Looking back on her preschool years, I now recognize the early warning signs, such as difficulty hearing rhyming words, like cat, hat, and mat.
Throughout Kindergarten, I saw her struggling, but I wasn’t worried, until I started receiving notes from her teacher that she falling behind. In Kindergarten? Really?
No amount of phonetic worksheets would catch her up, though. Nor would a repeat of Kindergarten.
You see, my daughter has Dyslexia. She is the one child in five that does, the 20 percent. Dyslexia involves difficulty with reading, spelling, writing, and pronunciation. It does not, however, affect intelligence. In fact, many people with Dyslexia are bright and gifted.
As she moved through first and second grade, she had positive teachers, who empathized with her learning disability, and I am grateful for their patience and encouragement. But while her classmates were becoming stronger readers, my sweet girl had to focus on survival. She probably worked harder than most students, and I can only call her heroic for persevering in the face of difficulty.
Almost daily, my daughter suffered from stomachaches, most likely caused by anxiety. “I feel nervous,” she often said while getting ready for school. I soothed her butterflies by listing out her gifts, talents, and blessings—over and over again.
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There was much relief when she finally received an official diagnosis midway through her second-grade year. Her school made accommodations for her, such as a shortened spelling list and no timed tests. However, she still needed to learn how to read and spell with a specific type of learning system that clicks with her specific type of brain.
Through her former preschool teacher, we found a tutor who specializes in Orton-Gillingham, a systematic approach to teaching people with Dyslexia how to read and spell.
Upon my initial meeting with Lyn of The Twenty Percent Club, she gave me invaluable information about how this was going to be a journey—not only for my daughter but also for our whole family.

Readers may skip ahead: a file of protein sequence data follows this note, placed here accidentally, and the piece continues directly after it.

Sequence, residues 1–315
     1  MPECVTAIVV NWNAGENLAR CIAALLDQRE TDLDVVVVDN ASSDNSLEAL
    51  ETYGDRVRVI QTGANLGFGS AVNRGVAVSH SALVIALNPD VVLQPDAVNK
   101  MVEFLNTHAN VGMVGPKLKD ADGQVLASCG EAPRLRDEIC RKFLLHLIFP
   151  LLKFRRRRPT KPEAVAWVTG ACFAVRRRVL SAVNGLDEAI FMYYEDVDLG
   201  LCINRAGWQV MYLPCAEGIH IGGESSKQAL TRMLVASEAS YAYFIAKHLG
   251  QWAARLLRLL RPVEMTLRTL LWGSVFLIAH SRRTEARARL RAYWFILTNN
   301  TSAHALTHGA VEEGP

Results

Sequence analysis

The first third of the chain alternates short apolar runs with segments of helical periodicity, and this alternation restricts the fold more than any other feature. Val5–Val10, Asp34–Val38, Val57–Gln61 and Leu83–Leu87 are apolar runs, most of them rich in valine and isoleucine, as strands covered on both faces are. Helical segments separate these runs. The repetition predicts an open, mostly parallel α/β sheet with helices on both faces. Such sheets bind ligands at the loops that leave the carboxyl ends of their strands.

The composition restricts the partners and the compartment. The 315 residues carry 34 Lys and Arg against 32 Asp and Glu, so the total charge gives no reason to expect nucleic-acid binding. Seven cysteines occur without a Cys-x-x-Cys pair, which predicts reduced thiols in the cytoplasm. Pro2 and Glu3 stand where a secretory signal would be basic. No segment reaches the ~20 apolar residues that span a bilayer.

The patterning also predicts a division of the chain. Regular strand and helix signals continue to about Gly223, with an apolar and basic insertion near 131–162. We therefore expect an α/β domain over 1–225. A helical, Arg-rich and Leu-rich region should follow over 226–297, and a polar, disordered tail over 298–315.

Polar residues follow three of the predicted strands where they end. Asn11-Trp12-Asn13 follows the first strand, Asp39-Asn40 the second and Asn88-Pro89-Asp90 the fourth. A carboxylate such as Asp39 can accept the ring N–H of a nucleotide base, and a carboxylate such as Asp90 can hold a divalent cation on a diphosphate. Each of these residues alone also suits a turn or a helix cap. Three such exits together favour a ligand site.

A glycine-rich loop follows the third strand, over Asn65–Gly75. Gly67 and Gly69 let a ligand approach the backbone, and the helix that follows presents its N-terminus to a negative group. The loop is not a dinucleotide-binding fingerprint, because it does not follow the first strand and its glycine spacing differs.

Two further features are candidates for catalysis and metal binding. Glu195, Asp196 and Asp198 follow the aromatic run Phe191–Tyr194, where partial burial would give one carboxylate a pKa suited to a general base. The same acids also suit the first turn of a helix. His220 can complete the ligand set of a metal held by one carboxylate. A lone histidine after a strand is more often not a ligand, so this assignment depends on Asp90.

As my daughter started tutoring with the Barton System, she had to start completely over. I was surprised to observe how she could not hear all of the phonetic sounds, and Lyn had to help her re-discover them.
“If she can’t hear them, she is not going to be able to read and spell them,” Lyn said.
Her first lessons did not even include letters but only sounds associated with pictures and colored tiles.
With twice-weekly sessions, my little girl progressed beautifully over the summer. As she started third grade, she was reading! Not at her grade level, yet, but with confidence at her level.
My daughter’s current teacher continues making accommodations for her, such as a spelling list that coordinates with her tutoring lessons, rather than the official third-grade curriculum. We have been able to find all of the novels she will read this year on audiobook, through an incredible service called Learning Ally, because listening to books is a perfectly legitimate way to read. In fact, sometimes it is the way students (and adults) comprehend best.
As for this journey being one for our whole family, I am learning all about the ins and outs of Dyslexia. I am learning how to advocate for my daughter, and my own empathy for her (and all of my children) has grown. Our family is rediscovering the benefits of reading aloud together. And all of my children are increasing in compassion and appreciation for one another’s gifts, talents, and struggles.
We are just beginning our journey with Dyslexia. She has 18-36 months of remediation before she will be reading at grade level. However, I feel hope that God has an incredible plan for my precious daughter in all of this, and I am honored to be by her side as that plan unfolds.
Since October is Dyslexia Awareness Month, I thought I would share my family’s journey with Dyslexia with the hope of helping another family who might be experiencing something similar with their child.
For more information, please join me on my personal blog this month as I post a 31-day series on Dyslexia. I share resources, book suggestions, encouraging Bible verses, and more.
Copyright 2016 Sarah Damm
About the Author
Sarah Damm is a Catholic wife and mother of six children, living in Minnesota. She spends her days running errands, helping with homework, and keeping up with laundry and the family schedule. Sarah loves her faith, coffee, and good books. You can find out more about her at SarahDamm.com.